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Albert Mampre

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Albert Mampre
Nickname(s)Al, PPP
Born (1922-05-25) May 25, 1922 (age 99)
Oak Park, Illinois, United States
Allegiance United States
Service/branchUnited States Army
Years of service1942-1945
RankUS Army WWII SSGT.svgStaff Sergeant
Unit506 patch.jpeg Easy Company, 2nd Battalion, 506th Parachute Infantry Regiment,
US 101st Airborne Division patch.svg101st Airborne Division
Battles/warsWorld War II
  • Battle of Normandy
  • Operation Market Garden
  • Battle of the Bulge
RelationsVirginia (wife)
Virginia Mampre (daughter)
Susan Wright (daughter)
Elizabeth Celebucki (daughter)

Staff Sergeant Albert Mampre (born May 25, 1922) was a non-commissioned officer with Easy Company, 2nd Battalion, 506th Parachute Infantry Regiment, in the 101st Airborne Division of the United States Army during World War II. Mampre's life story was featured in the 2009 book We Who Are Alive and Remain: Untold Stories from Band of Brothers

Youth[edit]

Mampre was born in Oak Park, Illinois to an Armenian family. His family was Episcopalian, so Mampre thought of going into the ministry. He went to Methodist school, then to Ohio Northern University, and later to Hardin-Simmons in Texas.[1]

Military service[edit]

Mampre enlisted in Dallas in 1942 and volunteered to be a paratrooper.[1] He was sent to Toccoa, Georgia for training. The first day in Toccoa Mampre befriended Ed Pepping, who became a medic for Easy Company.[2] During training, one of the jobs for the medics was to make medical checks in the community in the Deep South.[3] Right before D-Day, he was in the hospital due to an infection in his neck and missed the jump.

Mampre made his first combat jump for Operation Market Garden on September 17, 1944. During the jump another trooper came through his chute, so he landed hard with the other man on top of his chest.[4] Mampre was in pain but kept going. When Lieutenant Bob Brewer was hit outside Eindhoven, Mampre came forward to help and got shot in his leg. Some Dutchmen helped by evacuating the two to an aid station. Despite his wound, Mampre donated blood in the aid station[4] Mampre rejoined Easy Company in Mourmelon, right before the unit was sent to Bastogne. He was put in regimental headquarters.[5] In Berchtesgaden, Mampre worked in the medical headquarters set up in a hotel.[6]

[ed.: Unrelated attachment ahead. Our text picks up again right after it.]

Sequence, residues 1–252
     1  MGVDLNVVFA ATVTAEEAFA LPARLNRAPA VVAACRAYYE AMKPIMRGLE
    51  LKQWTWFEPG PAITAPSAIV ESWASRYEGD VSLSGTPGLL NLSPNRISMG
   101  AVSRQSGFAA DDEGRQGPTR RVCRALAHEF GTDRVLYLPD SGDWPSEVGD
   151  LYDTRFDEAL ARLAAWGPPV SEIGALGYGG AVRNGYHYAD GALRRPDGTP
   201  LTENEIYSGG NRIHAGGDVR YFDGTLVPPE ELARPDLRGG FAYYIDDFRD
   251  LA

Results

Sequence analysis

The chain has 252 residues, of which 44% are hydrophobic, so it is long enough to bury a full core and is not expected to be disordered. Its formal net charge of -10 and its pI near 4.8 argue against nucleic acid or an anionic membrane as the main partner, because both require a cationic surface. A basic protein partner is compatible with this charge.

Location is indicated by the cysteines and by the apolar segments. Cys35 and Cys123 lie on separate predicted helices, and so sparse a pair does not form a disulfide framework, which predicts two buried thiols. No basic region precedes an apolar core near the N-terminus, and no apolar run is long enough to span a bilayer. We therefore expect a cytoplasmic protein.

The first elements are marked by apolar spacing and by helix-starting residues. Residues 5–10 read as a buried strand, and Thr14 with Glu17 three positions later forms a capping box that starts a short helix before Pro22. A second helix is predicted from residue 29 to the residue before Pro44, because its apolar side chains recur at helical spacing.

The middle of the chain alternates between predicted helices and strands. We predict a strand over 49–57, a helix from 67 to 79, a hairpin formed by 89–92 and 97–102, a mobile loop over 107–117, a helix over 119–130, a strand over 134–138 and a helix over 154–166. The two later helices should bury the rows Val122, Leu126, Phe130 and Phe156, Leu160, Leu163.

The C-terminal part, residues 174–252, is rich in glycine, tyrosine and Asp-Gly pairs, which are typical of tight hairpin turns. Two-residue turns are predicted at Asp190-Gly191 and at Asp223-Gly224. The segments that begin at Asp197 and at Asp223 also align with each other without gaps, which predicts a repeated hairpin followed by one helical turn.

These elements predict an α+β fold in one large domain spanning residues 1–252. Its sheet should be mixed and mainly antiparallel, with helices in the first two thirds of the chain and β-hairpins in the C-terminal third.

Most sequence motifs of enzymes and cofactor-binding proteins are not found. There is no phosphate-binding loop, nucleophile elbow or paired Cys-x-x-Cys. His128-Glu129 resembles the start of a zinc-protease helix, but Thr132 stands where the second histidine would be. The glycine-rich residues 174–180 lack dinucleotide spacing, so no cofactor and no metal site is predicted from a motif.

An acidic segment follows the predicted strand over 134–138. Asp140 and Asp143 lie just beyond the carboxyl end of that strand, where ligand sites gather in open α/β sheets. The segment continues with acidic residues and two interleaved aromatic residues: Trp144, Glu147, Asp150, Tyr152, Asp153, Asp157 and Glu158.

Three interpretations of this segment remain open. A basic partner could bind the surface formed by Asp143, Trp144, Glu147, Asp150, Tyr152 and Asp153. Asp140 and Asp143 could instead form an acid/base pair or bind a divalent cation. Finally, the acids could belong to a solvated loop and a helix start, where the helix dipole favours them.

Later years[edit]

Mampre came home in September 1945. He married Virginia on November 17, 1945.[7] Mampre did not go into the ministry. Instead he studied psychology in University of Chicago.[7] He worked as a psychologist until his retirement in 1978.

References[edit]

  1. 1.0 1.1 p.17, Brotherton
  2. p.50, Brotherton
  3. p.51, Brotherton
  4. 4.0 4.1 p.127, Brotherton
  5. p.152, Brotherton
  6. p.180, Brotherton
  7. 7.0 7.1 p.218, Brotherton


Other articles of the topics Biography AND United States Army : Charles E. Grant, Luis F. Castro, Alex Penkala, Robert Burr Smith, Edwin Pepping, George Johnson (supercentenarian), Norman Dike

Other articles of the topics United States Army AND World War II : Robert Burr Smith, Paul Rogers (soldier), Edwin Pepping, Frank Perconte, Alex Penkala, Clancy Lyall, Amos J. Taylor

Other articles of the topics Biography AND World War II : Clarence Lee Evans, Paul Rogers (soldier), Merrit Cecil Walton, Lawrence Coburn Taylor, Stanley G. Benner, Everett F. Larson, Louis J. Carpellotti

Other articles of the topic Biography : Angus R. Goss, Umar II, Maggie d'Abo, William T. Hanna, Joe Conklin, Zach Hadel, Mac Ross

Other articles of the topic United States Army : Allison Paganetti, Frank Perconte, Charles E. Grant, Alex Penkala, Amos J. Taylor, George Johnson (supercentenarian), Norman Dike

Other articles of the topic World War II : Maurice Joseph Manuel, Carl W. Weiss, Clarence Lee Evans, List of Third Republic ministers of the Pétain administration, Robert E. Brister, Chester Thomas O'Brien, George M. Campbell
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Bibliography[edit]

  • Brotherton, Marcus (2009). We Who Are Alive and Remain: Untold Stories from Band of Brothers. Berkley Trade. ISBN 0425234193. Search this book on Amazon.com Logo.png

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